Pa. voters asked to let towns tax labor more, instead of homeowners

Conestoga High School, one of Pennsylvania’s top-rated public schools, in Berwyn. Pennsylvania voters will decide Tuesday if towns like Tredyffrin and Easttown Townships, which fund Conestoga, can eliminate property taxes on homeowners, and replace the revenue with higher income taxes or other fees.

Voters in Pennsylvania’s off-year election Tuesday will be asked to cast ballots on a “Property Tax Exclusion.” The Inquirer’s Laura McCrystal wrote in detail about this property tax proposal here.

It might sound like a tax break. But it isn’t quite: What it does is to give your local town government more power (it already has some) to eliminate the local property tax on homeowners and substitute it with higher income taxes, or maybe a local sales tax or fees, writes James M. Brower Jr., of Marks Paneth LLP and the Pennsylvania Institute of CPAs.

“Back in 2007, all school districts in Pennsylvania (except for Philadelphia) were required” to hold votes on whether to let their local towns exempt people’s major residence from up to 50 percent of the local property tax, if they could come up with other taxes.

The result: “Less than 2 percent had a majority of their residents approve an income tax increase in exchange for a property tax decrease.”

This time, “if the referendum passes,” towns can scrap the whole property tax on homes, so “it is possible that in the future we may see local tax authorities asking their residents to vote on imposing additional local earned or personal income taxes to provide for a complete exemption from property tax for homestead owners in the jurisdiction.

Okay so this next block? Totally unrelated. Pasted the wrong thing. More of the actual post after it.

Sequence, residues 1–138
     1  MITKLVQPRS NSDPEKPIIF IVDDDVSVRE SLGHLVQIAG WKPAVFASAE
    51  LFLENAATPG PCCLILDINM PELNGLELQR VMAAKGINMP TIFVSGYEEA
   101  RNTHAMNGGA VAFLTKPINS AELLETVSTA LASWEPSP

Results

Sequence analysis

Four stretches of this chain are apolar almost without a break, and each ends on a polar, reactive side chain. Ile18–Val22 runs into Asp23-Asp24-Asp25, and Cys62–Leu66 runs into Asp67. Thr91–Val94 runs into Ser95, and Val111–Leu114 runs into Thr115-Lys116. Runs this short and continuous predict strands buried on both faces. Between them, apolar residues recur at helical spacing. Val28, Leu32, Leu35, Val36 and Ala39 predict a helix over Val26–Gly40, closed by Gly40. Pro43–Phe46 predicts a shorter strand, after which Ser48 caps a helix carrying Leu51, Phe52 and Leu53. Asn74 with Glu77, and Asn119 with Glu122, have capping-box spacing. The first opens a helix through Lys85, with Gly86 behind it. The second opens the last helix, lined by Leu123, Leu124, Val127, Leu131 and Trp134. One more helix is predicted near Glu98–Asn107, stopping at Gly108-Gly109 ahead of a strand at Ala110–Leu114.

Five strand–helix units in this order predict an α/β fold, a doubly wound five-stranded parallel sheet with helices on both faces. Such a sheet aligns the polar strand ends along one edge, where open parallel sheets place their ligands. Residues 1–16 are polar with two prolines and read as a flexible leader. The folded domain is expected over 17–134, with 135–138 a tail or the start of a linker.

“The legislature might also allow the jurisdictions to impose additional sales or other taxes, although current legislation does not provide for that.

“Alternatively, instead of holding local voter referendums, the legislature might decide to fund local property tax relief by allocating additional state funding to jurisdictions that have enacted increased homestead exemptions.” But no guarantees that will happen, either.

This is, in short, a typically Pennsylvania solution to the long-simmering reaction against relentlessly rising property taxes: Let towns ease the unpopular tax burden on local homeowners (voters) if they are willing to squeeze the people as workers, or consumers, or through some other set of taxes.

 

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